Article

Overexpression of dehydrin tas14 gene improves the osmotic stress imposed by drought and salinity in tomato. J Plant Physiol

CEBAS-CSIC, Department of Stress Biology and Plant Pathology, Campus de Espinardo, P.O. Box 164, 30100 Espinardo-Murcia, Spain.
Journal of plant physiology (Impact Factor: 2.77). 03/2012; 169(5):459-68. DOI: 10.1016/j.jplph.2011.11.018
Source: PubMed

ABSTRACT One strategy to increase the level of drought and salinity tolerance is the transfer of genes codifying different types of proteins functionally related to macromolecules protection, such as group 2 of late embryogenesis abundant (LEA) proteins or dehydrins. The TAS14 dehydrin was isolated and characterized in tomato and its expression was induced by osmotic stress (NaCl and mannitol) and abscisic acid (ABA) [Godoy et al., Plant Mol Biol 1994;26:1921-1934], yet its function in drought and salinity tolerance of tomato remains elusive. In this study, transgenic tomato plants overexpressing tas14 gene under the control of the 35SCaMV promoter were generated to assess the function of tas14 gene in drought and salinity tolerance. The plants overexpressing tas14 gene achieved improved long-term drought and salinity tolerance without affecting plant growth under non-stress conditions. A mechanism of osmotic stress tolerance via osmotic potential reduction and solutes accumulation, such as sugars and K(+) is operating in tas14 overexpressing plants in drought conditions. A similar mechanism of osmotic stress tolerance was observed under salinity. Moreover, the overexpression of tas14 gene increased Na(+) accumulation only in adult leaves, whereas in young leaves, the accumulated solutes were K(+) and sugars, suggesting that plants overexpressing tas14 gene are able to distribute the Na(+) accumulation between young and adult leaves over a prolonged period in stressful conditions. Measurement of ABA showed that the action mechanism of tas14 gene is associated with an earlier and greater accumulation of ABA in leaves during short-term periods. A good feature for the application of this gene in improving drought and salt stress tolerance is the fact that its constitutive expression does not affect plant growth under non-stress conditions, and tolerance induced by overexpression of tas14 gene was observed at the different stress degrees applied to the long term.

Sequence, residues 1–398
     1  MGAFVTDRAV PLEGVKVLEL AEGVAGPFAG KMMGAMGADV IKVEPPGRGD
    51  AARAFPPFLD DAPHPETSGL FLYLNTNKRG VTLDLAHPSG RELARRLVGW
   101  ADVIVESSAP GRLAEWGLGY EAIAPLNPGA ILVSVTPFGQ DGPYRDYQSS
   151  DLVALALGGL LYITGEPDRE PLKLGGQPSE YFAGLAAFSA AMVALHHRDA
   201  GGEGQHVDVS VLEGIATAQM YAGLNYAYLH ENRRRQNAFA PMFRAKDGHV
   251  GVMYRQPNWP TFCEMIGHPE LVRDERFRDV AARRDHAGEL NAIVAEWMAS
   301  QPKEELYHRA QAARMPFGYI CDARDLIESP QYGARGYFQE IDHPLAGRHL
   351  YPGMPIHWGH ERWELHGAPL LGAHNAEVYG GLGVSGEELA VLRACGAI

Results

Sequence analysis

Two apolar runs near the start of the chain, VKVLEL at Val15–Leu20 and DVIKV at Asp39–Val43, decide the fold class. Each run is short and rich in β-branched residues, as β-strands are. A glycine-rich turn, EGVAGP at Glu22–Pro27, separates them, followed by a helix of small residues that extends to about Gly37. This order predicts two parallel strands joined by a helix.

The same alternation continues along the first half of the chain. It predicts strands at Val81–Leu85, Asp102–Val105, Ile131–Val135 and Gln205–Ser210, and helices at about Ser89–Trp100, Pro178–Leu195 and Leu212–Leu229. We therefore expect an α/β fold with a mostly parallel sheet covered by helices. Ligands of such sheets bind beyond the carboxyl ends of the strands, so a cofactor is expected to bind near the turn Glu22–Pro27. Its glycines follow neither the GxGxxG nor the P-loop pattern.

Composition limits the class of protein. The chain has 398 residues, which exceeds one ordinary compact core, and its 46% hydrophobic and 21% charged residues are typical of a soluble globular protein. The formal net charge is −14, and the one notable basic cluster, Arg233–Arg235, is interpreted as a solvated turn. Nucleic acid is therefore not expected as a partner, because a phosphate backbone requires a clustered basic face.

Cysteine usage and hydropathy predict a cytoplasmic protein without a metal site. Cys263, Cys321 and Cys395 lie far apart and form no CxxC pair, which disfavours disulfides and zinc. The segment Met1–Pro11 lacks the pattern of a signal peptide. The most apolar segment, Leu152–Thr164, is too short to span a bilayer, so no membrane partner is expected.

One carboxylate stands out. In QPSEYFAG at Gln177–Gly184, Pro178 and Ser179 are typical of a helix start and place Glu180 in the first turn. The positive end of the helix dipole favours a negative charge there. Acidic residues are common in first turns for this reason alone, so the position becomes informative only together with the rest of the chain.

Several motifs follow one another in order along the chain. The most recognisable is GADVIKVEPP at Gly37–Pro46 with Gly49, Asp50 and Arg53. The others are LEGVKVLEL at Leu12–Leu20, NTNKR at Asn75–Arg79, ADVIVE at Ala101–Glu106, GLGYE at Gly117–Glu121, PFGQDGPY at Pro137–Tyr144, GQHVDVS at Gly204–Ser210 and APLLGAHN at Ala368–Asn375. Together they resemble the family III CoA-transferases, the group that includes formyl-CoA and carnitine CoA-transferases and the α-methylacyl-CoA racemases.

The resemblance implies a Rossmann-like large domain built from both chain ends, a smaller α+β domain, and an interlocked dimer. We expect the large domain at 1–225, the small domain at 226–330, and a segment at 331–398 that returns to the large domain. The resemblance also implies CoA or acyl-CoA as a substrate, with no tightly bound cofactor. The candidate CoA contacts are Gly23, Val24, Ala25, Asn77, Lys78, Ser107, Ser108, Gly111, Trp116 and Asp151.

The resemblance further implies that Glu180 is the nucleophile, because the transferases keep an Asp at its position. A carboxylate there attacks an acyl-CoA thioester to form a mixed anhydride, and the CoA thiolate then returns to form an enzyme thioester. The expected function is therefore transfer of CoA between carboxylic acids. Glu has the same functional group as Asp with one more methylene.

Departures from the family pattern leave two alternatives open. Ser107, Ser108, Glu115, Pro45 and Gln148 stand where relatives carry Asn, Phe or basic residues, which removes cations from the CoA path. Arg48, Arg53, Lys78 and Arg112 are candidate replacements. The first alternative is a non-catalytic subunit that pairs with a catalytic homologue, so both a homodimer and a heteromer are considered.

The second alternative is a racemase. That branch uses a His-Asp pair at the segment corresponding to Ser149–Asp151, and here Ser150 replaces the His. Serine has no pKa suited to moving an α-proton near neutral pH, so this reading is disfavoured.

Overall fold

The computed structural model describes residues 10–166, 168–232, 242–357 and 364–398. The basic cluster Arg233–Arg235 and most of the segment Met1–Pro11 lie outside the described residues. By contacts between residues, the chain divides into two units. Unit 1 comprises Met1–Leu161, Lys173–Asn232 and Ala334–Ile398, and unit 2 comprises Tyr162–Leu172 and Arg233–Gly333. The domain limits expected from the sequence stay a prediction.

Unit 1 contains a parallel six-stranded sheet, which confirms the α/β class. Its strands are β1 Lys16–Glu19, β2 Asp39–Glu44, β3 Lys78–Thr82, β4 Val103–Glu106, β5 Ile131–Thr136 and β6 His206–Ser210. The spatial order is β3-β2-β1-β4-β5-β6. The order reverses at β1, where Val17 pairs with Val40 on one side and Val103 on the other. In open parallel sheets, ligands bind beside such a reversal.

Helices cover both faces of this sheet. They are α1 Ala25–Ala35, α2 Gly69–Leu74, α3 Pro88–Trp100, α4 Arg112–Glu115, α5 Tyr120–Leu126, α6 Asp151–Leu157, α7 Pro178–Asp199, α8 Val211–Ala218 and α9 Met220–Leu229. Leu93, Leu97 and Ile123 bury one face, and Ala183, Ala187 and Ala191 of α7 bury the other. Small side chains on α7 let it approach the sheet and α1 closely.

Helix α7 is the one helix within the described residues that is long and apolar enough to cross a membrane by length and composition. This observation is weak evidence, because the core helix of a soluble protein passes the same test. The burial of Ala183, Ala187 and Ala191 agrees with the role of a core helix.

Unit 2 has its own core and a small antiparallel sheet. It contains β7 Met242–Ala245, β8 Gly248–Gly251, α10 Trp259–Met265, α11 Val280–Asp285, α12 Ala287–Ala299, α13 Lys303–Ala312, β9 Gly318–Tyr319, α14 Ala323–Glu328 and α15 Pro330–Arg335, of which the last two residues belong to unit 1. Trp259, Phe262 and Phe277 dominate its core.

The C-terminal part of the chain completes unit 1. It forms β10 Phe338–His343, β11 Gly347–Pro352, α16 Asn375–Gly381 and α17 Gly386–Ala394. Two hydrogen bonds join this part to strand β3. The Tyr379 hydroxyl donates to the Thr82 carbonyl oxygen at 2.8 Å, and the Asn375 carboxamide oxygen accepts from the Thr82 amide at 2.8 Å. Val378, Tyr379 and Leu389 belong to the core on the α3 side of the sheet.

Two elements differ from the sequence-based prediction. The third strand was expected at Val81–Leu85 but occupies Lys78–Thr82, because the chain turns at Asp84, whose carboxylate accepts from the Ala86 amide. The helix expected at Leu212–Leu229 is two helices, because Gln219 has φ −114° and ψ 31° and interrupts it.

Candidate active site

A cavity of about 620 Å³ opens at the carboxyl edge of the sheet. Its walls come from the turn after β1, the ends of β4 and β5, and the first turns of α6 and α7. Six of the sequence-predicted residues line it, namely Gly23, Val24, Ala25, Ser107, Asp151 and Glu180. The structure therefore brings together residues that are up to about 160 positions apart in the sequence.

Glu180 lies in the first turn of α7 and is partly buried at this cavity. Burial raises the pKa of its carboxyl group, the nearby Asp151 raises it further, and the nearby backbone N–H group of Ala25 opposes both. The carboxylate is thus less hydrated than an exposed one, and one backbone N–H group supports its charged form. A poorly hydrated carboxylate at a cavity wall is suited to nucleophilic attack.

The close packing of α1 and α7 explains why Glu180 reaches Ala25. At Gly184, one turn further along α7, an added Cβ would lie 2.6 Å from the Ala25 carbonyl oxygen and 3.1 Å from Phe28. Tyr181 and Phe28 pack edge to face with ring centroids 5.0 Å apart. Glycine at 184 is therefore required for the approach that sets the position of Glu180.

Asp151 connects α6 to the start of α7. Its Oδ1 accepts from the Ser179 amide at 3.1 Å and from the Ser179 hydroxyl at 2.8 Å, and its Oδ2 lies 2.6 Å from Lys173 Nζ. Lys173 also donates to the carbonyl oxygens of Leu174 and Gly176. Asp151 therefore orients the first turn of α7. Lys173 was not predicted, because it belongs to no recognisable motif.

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    • "In this group, many potato genes showed high homology to the well-known abiotic stress-inducible genes, such as proteinase inhibitor type II (Pi7c) (Huang et al. 2007), TaS14 (Munoz Mayor et al. 2012), and stress-associated protein 3 (Solanke et al. 2009) (Table 1). For instance, TAS14 over expressed tomato plants showed increased drought and salinity stress tolerance compared with wild-type plants (Munoz Mayor et al. 2012). Taking into account, improved thermo-tolerance exhibited by transgenic yeast cells expressing TAS14 provides first insights that the activation and function of the TAS14 gene may be crucial for growing potato plants under heat stress (Supplementary Table 4). "
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